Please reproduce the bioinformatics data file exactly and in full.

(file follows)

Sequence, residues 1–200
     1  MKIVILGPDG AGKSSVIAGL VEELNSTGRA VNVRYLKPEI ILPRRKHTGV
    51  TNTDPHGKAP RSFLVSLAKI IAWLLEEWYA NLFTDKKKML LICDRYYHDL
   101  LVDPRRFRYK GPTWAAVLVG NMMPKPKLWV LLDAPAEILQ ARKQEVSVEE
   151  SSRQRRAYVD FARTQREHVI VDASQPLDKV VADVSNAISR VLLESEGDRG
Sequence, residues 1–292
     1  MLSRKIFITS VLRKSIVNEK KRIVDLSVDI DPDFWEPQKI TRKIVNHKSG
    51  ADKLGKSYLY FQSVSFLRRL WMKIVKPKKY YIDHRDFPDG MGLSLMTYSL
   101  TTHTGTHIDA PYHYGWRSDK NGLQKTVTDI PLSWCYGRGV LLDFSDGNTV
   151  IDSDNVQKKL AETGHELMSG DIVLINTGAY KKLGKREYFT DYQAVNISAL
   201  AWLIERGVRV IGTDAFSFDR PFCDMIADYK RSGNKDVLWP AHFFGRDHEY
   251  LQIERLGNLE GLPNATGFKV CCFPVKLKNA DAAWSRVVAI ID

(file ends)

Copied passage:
Sequence, residues 1–200
     1  MKIVILGPDG AGKSSVIAGL VEELNSTGRA VNVRYLKPEI ILPRRKHTGV
    51  TNTDPHGKAP RSFLVSLAKI IAWLLEEWYA NLFTDKKKML LICDRYYHDL
   101  LVDPRRFRYK GPTWAAVLVG NMMPKPKLWV LLDAPAEILQ ARKQEVSVEE
   151  SSRQRRAYVD FARTQREHVI VDASQPLDKV VADVSNAISR VLLESEGDRG
Sequence, residues 1–292
     1  MLSRKIFITS VLRKSIVNEK KRIVDLSVDI DPDFWEPQKI TRKIVNHKSG
    51  ADKLGKSYLY FQSVSFLRRL WMKIVKPKKY YIDHRDFPDG MGLSLMTYSL
   101  TTHTGTHIDA PYHYGWRSDK NGLQKTVTDI PLSWCYGRGV LLDFSDGNTV
   151  IDSDNVQKKL AETGHELMSG DIVLINTGAY KKLGKREYFT DYQAVNISAL
   201  AWLIERGVRV IGTDAFSFDR PFCDMIADYK RSGNKDVLWP AHFFGRDHEY
   251  LQIERLGNLE GLPNATGFKV CCFPVKLKNA DAAWSRVVAI ID